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Peer Effects, Pupil-Teacher Ratios, and Teacher Incentives: Evidence from a Randomized Evaluation in Kenya

By: Esther Duflo, Pascaline Dupas, Michael Kremer

This paper was published by the American Economic Review.

This paper reports on a project designed to provide experimental evidence on several questions regarding resource allocation in primary education: the impact of pupil-teacher ratios, tracking, and the institutional environment (teacher contracts and beneficiary control). The project involved 210 primary schools in Western Kenya. We find that in this context, reducing the pupil-teacher ratio (from 80 to 46 on average), in the absence of any other reform, lead to reduced teacher effort, and to small and insignificant increases in test scores. In contrast, combining class size reduction with improved incentives (either by hiring local teachers on short term contract or by increasing parental oversight) leads to significantly larger test score increases. Finally, combining class size reduction with tracking by initial achievement leads to large test score increases, regardless of a child’s initial achievement, suggesting that students benefits from homogenous classes. In contrast, we find no evidence that test scores are affected by the average pretest score of their peers.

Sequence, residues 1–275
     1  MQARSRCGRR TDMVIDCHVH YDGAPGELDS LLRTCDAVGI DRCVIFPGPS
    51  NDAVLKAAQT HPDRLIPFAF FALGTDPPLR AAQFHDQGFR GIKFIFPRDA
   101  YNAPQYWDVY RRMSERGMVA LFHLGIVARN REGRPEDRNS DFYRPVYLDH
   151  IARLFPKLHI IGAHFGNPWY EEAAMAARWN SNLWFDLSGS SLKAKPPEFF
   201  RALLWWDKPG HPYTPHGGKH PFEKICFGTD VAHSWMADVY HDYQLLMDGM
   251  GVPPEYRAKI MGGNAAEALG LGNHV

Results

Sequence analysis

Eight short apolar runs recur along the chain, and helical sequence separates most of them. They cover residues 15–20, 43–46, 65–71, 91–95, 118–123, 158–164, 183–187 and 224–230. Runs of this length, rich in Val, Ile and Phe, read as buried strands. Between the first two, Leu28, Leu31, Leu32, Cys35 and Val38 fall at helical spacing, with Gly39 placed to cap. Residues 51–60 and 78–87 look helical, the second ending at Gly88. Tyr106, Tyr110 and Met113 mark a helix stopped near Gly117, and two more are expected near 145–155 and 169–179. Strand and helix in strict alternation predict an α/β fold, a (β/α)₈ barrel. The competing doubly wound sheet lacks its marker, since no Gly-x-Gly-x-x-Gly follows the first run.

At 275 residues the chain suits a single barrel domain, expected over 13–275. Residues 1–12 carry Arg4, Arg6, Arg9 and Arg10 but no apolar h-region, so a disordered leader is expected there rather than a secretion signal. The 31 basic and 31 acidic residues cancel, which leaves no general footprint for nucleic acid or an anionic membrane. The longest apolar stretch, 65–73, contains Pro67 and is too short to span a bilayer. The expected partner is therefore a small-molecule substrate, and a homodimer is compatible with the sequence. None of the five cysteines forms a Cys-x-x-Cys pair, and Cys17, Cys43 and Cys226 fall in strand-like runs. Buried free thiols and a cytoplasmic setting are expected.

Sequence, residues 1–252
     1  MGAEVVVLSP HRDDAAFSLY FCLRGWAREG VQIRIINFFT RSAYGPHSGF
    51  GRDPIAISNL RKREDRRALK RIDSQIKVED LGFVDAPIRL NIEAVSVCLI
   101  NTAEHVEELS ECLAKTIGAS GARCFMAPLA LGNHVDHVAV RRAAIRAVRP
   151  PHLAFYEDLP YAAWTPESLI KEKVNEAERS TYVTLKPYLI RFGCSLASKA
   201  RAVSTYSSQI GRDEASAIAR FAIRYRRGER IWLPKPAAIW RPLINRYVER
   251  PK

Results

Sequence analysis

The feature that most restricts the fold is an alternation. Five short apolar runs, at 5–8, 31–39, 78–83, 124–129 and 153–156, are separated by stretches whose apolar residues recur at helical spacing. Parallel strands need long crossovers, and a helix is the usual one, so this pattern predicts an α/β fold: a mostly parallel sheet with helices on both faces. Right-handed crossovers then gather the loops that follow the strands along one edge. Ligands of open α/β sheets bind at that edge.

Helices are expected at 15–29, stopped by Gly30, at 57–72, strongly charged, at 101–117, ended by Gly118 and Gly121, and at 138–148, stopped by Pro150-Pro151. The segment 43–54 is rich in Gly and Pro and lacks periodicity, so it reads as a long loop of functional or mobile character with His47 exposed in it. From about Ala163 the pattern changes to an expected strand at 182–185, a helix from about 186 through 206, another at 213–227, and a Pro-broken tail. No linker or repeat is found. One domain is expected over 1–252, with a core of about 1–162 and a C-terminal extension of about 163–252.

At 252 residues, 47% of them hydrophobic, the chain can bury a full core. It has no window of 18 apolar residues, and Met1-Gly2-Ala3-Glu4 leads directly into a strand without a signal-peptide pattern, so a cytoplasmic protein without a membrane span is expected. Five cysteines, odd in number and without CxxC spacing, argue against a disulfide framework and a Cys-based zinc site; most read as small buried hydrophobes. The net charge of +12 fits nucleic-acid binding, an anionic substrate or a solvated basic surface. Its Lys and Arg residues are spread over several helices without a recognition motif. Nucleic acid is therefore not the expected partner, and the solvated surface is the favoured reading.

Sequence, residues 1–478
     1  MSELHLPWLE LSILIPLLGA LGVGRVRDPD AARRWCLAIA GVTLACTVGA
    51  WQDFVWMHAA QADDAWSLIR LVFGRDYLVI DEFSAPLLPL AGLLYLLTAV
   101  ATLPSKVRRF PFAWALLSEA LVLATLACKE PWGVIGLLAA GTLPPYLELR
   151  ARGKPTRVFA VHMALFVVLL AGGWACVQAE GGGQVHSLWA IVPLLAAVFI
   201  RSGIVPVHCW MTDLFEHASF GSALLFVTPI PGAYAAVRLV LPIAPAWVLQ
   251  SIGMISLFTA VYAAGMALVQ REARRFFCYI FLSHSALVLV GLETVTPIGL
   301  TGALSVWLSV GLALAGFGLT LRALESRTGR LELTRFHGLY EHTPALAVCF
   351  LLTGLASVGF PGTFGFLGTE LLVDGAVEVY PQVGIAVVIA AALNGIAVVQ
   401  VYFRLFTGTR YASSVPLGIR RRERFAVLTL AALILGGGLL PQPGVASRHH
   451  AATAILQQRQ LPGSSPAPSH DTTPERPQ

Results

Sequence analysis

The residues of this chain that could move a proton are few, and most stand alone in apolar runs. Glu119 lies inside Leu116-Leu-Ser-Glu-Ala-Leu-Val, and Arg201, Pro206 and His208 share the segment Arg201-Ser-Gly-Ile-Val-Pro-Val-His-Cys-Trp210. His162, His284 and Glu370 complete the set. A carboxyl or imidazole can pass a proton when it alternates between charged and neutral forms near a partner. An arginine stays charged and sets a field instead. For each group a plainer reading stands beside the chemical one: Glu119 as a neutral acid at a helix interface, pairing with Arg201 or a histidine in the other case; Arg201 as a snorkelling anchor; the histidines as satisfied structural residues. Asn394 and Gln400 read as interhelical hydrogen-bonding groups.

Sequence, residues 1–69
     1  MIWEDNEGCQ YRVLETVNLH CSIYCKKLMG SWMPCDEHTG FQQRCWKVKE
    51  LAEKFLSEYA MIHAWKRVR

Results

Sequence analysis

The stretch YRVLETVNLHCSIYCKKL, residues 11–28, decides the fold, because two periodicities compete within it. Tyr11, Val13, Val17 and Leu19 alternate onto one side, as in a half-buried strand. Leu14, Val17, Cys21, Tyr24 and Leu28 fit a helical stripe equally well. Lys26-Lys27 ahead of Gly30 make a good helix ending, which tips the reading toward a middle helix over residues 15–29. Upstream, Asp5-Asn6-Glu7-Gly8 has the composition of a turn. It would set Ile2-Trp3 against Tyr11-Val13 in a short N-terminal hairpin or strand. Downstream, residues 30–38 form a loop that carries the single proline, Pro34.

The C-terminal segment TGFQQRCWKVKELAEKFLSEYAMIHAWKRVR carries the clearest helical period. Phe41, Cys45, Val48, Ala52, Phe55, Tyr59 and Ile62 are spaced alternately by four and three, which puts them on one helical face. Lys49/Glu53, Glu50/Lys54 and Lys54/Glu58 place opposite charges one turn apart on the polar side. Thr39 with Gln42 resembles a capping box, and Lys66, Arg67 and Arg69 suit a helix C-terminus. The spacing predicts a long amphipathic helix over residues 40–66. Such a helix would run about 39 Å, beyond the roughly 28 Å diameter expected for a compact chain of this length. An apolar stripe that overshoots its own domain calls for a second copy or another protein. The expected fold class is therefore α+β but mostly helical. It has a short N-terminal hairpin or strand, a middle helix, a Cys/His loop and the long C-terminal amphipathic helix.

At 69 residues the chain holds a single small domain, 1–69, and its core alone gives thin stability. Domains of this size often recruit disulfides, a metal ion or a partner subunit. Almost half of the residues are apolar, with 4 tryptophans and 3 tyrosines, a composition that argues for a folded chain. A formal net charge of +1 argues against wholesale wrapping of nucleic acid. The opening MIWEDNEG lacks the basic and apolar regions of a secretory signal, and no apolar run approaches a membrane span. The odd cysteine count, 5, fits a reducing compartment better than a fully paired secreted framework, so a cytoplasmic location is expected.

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Uploaded on: Dec 02, 2015
Last Updated: Dec 04, 2015
Year Published: 2007
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